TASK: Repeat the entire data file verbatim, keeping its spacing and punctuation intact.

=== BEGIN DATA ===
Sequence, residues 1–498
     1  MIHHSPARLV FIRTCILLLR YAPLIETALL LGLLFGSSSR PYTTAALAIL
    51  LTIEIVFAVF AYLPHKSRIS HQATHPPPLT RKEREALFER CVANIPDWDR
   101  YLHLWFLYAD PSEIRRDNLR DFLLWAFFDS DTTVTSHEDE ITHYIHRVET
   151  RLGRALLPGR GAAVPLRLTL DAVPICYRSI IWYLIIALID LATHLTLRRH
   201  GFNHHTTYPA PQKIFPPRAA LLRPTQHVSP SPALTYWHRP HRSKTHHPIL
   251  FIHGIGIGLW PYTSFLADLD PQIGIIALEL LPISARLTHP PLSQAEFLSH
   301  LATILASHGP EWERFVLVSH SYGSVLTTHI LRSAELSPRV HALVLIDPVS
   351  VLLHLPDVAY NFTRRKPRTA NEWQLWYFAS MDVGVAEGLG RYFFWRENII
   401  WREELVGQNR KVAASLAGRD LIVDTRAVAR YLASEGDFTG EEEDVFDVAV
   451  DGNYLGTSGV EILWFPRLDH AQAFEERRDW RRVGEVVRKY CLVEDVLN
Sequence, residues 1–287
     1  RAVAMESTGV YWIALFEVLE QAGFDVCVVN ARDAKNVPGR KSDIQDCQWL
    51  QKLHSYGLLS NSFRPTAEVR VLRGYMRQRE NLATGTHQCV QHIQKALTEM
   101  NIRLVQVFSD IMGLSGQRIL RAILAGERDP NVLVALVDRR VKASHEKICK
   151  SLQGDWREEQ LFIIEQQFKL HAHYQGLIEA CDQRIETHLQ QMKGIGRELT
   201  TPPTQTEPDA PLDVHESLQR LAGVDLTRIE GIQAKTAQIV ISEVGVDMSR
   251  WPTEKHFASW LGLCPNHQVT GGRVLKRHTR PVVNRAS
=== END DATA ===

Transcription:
Sequence, residues 1–498
     1  MIHHSPARLV FIRTCILLLR YAPLIETALL LGLLFGSSSR PYTTAALAIL
    51  LTIEIVFAVF AYLPHKSRIS HQATHPPPLT RKEREALFER CVANIPDWDR
   101  YLHLWFLYAD PSEIRRDNLR DFLLWAFFDS DTTVTSHEDE ITHYIHRVET
   151  RLGRALLPGR GAAVPLRLTL DAVPICYRSI IWYLIIALID LATHLTLRRH
   201  GFNHHTTYPA PQKIFPPRAA LLRPTQHVSP SPALTYWHRP HRSKTHHPIL
   251  FIHGIGIGLW PYTSFLADLD PQIGIIALEL LPISARLTHP PLSQAEFLSH
   301  LATILASHGP EWERFVLVSH SYGSVLTTHI LRSAELSPRV HALVLIDPVS
   351  VLLHLPDVAY NFTRRKPRTA NEWQLWYFAS MDVGVAEGLG RYFFWRENII
   401  WREELVGQNR KVAASLAGRD LIVDTRAVAR YLASEGDFTG EEEDVFDVAV
   451  DGNYLGTSGV EILWFPRLDH AQAFEERRDW RRVGEVVRKY CLVEDVLN
Sequence, residues 1–287
     1  RAVAMESTGV YWIALFEVLE QAGFDVCVVN ARDAKNVPGR KSDIQDCQWL
    51  QKLHSYGLLS NSFRPTAEVR VLRGYMRQRE NLATGTHQCV QHIQKALTEM
   101  NIRLVQVFSD IMGLSGQRIL RAILAGERDP NVLVALVDRR VKASHEKICK
   151  SLQGDWREEQ LFIIEQQFKL HAHYQGLIEA CDQRIETHLQ QMKGIGRELT
   201  TPPTQTEPDA PLDVHESLQR LAGVDLTRIE GIQAKTAQIV ISEVGVDMSR
   251  WPTEKHFASW LGLCPNHQVT GGRVLKRHTR PVVNRAS